* Determine whether and how to respond to social chatter, blog posts, news articles. Respond or elevate where needed.

* Post your news on your website or blog, and on networks where customers and influencers can find and follow.

* Meet with internal stakeholders to ensure in-depth awareness and understanding of what’s happening inside the business. Adjust the message. Take time to review the strategy. What are the tools, media and materials you need to make the message work?

Do all this along with creating corporate presentations, participating in meetings, handling ad hoc high-priority executive requests, communicating across the team, juggling deadlines and actually writing and producing the stories your organization has to tell.

(Are there enough hours in the day?)

If we keep asking questions, the answers should become clear — what works? what doesn’t? what does the customer need? what moves the needle? what are we doing because we’ve always done it?

If you could start over, what would you keep? What would you drop?

Shift Your Communications Focus

3 Dec

I was chatting this morning with the head of a private school about its struggles with when and how to use social media, both in how it communicates with families and how it markets itself to new potential families.

The stakes are high.  Families sending their kids to a private school have a powerful sense of ownership over what happens, and a huge expectations for the school’s success at delivering education to their kids.  But if I recall my own education, not every interaction with the education “product” is perfect and smooth — these are kids growing up after all, and parents are always learning to be parents (and some of us never learn, really).  More, from what I’ve seen, there’s always have a segment of their stakeholders demanding that the school push into new media, and an even bigger segment that squawks at every change.

The head of the school noted that most ‘school blogs’ he’s seen are statements from the head of the school, which just doesn’t seem right.  Video seems like a huge opportunity, but what level of quality will be required–and how much will that cost? And he’s seen school Facebook pages that turn into quasi-public forums for parents to air grievances.  The pall hanging over it all:  we already have too much to do and no budget  to put into it — how do we add social media?

His concerns are shared by businesses: They always seem to come down to the question of “How do I add social media when I don’t have the staff and I don’t have the budget.”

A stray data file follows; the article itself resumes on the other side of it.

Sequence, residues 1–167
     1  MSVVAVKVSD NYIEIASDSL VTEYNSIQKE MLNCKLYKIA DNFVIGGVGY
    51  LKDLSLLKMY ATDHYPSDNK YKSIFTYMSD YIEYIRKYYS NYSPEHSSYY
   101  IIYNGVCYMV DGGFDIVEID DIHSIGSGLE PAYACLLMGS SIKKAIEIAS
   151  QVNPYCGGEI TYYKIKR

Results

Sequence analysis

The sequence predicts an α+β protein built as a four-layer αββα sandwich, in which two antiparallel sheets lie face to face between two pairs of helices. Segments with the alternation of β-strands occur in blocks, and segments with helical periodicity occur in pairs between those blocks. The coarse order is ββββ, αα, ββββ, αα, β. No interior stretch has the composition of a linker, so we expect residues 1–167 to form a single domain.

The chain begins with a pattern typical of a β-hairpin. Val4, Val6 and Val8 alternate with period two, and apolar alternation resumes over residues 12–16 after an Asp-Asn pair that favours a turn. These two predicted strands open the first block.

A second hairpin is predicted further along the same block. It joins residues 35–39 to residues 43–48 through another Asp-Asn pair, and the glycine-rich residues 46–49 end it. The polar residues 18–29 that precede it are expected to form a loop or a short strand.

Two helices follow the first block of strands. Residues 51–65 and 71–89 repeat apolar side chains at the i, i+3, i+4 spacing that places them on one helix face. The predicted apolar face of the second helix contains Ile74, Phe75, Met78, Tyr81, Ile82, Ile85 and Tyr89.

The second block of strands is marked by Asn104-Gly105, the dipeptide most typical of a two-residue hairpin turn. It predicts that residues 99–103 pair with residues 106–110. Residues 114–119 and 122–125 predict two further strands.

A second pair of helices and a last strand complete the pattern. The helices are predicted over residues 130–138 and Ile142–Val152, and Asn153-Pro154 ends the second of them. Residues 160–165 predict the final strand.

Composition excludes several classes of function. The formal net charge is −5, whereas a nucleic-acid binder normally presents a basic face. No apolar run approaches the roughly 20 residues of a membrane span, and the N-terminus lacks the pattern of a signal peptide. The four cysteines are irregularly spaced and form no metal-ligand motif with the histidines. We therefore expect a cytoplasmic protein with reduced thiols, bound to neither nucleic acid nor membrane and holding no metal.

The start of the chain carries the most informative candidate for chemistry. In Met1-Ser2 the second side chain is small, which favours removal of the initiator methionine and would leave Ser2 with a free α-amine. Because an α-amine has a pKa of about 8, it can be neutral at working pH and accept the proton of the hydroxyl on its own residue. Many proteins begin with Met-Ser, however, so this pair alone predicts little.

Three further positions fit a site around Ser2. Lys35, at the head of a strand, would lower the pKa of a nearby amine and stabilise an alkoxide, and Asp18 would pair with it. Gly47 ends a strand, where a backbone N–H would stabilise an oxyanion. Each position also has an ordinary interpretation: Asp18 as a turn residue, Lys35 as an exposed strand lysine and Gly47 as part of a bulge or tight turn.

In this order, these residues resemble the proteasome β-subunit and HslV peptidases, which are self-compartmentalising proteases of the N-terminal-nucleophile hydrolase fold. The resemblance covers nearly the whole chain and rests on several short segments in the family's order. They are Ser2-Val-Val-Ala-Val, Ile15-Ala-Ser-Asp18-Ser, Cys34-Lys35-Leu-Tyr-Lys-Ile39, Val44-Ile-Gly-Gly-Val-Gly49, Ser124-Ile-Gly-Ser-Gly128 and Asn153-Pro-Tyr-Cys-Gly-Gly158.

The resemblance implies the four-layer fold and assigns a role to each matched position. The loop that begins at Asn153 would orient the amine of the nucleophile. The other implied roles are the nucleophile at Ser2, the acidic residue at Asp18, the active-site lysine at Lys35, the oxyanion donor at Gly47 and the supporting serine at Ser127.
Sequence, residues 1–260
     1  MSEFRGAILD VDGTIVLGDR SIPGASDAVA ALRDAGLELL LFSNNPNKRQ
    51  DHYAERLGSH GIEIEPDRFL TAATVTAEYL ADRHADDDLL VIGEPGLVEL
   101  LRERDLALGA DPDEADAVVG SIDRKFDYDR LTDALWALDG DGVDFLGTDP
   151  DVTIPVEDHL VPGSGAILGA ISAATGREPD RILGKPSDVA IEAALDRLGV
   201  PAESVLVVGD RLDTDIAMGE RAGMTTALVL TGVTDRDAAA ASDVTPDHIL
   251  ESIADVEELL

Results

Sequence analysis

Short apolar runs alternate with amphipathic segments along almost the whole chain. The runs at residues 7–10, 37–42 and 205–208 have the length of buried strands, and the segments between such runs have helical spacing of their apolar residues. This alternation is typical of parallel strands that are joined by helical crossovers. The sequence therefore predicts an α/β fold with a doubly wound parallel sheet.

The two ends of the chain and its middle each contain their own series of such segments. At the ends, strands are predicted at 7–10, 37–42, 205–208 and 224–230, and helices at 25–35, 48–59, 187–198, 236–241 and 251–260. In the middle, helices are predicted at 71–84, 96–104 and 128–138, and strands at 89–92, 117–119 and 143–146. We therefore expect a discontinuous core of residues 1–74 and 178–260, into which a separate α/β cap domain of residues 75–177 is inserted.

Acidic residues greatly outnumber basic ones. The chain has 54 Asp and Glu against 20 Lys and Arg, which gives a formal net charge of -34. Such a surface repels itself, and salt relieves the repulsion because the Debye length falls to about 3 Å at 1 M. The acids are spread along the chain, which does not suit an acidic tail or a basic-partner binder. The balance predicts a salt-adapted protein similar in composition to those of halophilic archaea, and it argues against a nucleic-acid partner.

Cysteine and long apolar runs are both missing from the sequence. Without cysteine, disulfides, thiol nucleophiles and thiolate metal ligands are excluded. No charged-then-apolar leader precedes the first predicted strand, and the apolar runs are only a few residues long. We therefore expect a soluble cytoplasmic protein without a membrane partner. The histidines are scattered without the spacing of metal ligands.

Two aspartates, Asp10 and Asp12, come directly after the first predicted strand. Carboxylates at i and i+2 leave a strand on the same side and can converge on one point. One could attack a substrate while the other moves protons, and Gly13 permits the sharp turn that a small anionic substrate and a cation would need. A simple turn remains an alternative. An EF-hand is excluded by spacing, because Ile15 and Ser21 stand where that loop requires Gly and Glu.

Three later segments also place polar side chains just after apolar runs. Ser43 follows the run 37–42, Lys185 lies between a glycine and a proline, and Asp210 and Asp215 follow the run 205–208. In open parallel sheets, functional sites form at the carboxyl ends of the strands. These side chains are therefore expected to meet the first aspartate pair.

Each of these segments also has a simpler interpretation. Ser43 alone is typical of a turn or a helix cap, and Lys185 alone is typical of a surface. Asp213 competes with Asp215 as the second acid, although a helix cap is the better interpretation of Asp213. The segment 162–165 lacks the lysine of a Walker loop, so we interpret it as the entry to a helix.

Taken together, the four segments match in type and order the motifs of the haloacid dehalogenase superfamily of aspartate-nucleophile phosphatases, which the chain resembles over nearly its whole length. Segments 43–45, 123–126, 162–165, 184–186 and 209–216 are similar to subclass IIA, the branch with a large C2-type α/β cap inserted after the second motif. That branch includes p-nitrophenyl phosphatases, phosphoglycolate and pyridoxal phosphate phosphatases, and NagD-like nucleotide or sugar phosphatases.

My answer is to shift perspective: You’re not adding — you’re changing focus.  The communications environment requires a new way of looking at how you reach and influence the people you want to reach, and every tool you use or consider has to be evaluated against this backdrop.  

Herewith, my view of the communications backdrop, and its implications for organizations seeking to recast how they engage with their stakeholders.

1.  People want what they want, when they want it. You’re website must serve the core information needs of a wide range of constituents, 24-hours a day.  Most organizations have handled this one. But it also means that people want your online presence to feel dynamic and meaningful — always up-to-date, up-to-the-minute.

Implications: Make sure your site is meeting core stakeholder interests. Add features that increase your site’s relevance and immediacy, including homepage news updates and a blog.

2. People want you to reach them any way they want. They want print, they want email, they want RSS, they want mobile alerts, they want Twitter, they want Facebook. They want alerts one way, and perspectives another way.  They want pictures and videos. Moreover, they want you to do it smart — and “smart” means different things to different people.

Implications: Understand and segment your stakeholders.  What are you goals for them? How do you communicate with them today? Is it working? How are they interacting with you and your communications?  Are you meeting their expectations? Exceeding them?  From a media standpoint, emphasize flexibility — can your newsletter be formatted for ease of use via email, web and print? Can you automate alerts? Would print on demand meet needs and save cost?

3. People like to share. It happens by phone, email, social networks and even (gasp!) in person.  Electronic communication speeds messages and encourages sharing. Sometimes it’s conversation; sometimes it’s just spreading news.

Implications:  Make your messages easy to share.  Consider posting to networks like YouTube and Flickr.  Implement blogs that include sharing and RSS feeds. Most of all — encourage people to share with “share this” links and remind them that the more people who know about this, the better.

4. People want to be a part of something. Ease of access by email, web and social network has broken down organizational barriers, creating a population that wants a more intimate,  knowing relationship with organizations and brands.  Before, you’d gain that by meeting people in person; now there’s a population wants to get that feeling online, too.